REUTERS/Ints Kalnins

Tallinn's mayor wants it to be the flagship of Europe's green movement. 

Tallinn, Estonia, looks set to become the first European capital with a completely free public transportation system. As the BBC reports, Tallinn Mayor Edgar Savisaar wants his city of 416,000 to be "the flagship of the green movement in Europe." By providing free public transit for locals (visitors would still pay), city government believes car usage will decrease enough to make it worthwhile.

Seventy-five percent of referendum voters supported the free rides program, which is slated to begin in 2013.

It remains unclear how the city will pay for this, however. One-third of Tallinn's mass transit funding comes from ticket revenue. Increased ridership combined with decreasing revenue is often a good recipe for lower quality service, a result that could easily have the opposite effect: pushing residents back into their cars. 

Many smaller European towns provide free public transit for citizens. France has 12 different municipalities that do not charge for mass transit. Türi, Estonia (58 miles south of Tallinn) also has a free transit system. Some American cities also provide public transportation free of charge, with Vero Beach, Florida, the largest of them.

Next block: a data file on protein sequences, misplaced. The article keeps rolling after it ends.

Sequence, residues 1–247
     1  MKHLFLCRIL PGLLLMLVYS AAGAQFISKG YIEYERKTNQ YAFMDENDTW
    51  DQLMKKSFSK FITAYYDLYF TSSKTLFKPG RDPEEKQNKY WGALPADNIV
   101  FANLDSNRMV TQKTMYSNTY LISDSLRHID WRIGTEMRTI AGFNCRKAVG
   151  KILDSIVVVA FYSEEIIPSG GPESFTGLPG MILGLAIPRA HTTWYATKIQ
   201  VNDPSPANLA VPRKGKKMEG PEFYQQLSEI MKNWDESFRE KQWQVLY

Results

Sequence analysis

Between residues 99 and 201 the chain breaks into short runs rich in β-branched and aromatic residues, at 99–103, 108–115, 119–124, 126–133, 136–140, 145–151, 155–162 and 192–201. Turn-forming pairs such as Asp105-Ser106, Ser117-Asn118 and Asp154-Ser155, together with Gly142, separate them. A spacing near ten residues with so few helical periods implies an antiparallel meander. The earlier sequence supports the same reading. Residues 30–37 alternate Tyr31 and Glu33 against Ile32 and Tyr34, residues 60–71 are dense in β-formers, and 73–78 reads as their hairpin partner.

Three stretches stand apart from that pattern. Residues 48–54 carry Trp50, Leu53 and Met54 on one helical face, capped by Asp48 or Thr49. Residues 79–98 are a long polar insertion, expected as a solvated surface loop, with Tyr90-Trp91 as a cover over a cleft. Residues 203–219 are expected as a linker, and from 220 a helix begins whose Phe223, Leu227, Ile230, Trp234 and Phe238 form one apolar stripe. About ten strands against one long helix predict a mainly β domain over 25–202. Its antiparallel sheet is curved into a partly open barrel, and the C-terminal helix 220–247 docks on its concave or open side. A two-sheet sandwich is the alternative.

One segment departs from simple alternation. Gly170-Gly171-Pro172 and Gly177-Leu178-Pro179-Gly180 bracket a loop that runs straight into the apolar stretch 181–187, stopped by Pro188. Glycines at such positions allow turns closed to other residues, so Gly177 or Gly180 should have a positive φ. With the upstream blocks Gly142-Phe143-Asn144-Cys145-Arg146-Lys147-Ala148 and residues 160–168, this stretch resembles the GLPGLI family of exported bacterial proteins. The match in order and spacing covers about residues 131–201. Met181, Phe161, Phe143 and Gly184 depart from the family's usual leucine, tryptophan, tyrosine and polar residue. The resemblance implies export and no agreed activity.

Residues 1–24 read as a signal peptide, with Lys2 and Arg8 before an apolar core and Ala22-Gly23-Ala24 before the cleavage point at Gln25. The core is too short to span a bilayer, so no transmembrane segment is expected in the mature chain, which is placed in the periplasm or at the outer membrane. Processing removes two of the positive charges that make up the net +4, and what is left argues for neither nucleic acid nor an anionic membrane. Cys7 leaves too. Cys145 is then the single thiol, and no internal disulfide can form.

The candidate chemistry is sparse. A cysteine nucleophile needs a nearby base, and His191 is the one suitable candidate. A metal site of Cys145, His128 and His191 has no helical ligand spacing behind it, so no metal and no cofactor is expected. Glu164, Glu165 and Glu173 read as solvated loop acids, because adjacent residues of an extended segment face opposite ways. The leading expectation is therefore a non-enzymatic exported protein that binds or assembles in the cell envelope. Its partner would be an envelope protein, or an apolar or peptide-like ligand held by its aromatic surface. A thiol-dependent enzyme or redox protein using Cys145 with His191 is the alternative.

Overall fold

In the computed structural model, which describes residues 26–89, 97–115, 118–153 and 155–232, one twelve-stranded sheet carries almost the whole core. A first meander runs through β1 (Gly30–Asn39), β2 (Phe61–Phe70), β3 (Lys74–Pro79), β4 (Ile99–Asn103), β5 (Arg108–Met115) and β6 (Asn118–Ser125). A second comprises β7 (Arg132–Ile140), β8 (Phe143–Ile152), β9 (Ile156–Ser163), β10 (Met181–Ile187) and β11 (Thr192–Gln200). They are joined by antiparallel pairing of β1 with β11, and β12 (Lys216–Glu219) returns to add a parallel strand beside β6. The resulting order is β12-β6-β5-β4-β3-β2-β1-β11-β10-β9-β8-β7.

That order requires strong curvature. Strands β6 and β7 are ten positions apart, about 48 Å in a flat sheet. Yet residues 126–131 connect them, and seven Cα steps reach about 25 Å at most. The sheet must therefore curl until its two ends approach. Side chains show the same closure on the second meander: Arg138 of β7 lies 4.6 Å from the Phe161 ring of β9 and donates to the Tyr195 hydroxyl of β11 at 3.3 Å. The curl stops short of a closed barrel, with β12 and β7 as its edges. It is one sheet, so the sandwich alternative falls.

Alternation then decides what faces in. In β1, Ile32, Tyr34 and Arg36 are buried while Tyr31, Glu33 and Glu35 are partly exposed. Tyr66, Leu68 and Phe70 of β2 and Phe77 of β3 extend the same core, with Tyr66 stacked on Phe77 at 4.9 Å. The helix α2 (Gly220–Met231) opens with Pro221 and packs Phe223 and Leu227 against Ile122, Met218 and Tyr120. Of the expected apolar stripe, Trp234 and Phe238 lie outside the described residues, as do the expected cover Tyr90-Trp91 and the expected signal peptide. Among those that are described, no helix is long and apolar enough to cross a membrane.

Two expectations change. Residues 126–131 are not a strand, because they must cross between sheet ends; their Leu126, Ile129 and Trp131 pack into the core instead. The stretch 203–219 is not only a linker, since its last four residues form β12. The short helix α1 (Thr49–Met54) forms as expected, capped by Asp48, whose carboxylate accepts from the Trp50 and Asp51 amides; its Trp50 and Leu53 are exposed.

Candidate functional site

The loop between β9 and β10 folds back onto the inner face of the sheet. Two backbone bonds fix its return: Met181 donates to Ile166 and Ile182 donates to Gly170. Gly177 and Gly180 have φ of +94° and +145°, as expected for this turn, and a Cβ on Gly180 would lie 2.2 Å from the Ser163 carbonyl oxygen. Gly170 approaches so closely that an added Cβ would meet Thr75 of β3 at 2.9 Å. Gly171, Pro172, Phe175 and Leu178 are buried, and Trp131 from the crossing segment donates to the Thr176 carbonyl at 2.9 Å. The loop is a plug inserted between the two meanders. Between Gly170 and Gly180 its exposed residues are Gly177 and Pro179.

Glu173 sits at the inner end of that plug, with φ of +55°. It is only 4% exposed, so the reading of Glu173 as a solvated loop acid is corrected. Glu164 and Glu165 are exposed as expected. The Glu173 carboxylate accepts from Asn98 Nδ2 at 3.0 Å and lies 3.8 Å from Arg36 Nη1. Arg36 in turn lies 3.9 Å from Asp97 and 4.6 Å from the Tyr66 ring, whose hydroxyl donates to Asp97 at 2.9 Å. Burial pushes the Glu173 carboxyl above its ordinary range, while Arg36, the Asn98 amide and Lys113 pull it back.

Currently, Tallinn has a flat-fare system, costing passengers €1.60.

Photo credit: Reuters

About the Author

Most Popular

  1. Design

    These Sneakers Are Your Free Transit Pass

    A new BVG-Adidas collaboration means unlimited travel along Berlin’s public transit network for the rest of 2018. That is if you can find a pair.

  2. A small accessory dwelling unit—known as an ADU—is attached to an older single-family home in a Portland, Oregon, neighborhood.
    Design

    The Granny Flats Are Coming

    A new book argues that the U.S. is about to see more accessory dwelling units and guides homeowners on how to design and build them.

  3. Environment

    Britain's Next Megaproject: A Coast-to-Coast Forest

    The plan is for 50 million new trees to repopulate one of the least wooded parts of the country—and offer a natural escape from several cities in the north.

  4. Transportation

    On Paris Metro, Drug Abuse Reaches a Boiling Point

    The transit workers’ union says some stations on Line 12 are too dangerous to stop at. What will the city do?

  5. Equity

    How Today's Developers Maintain Jim Crow Housing Segregation

    A private Brooklyn developer and a Louisiana public housing authority share the belief that racial division in housing has its plusses.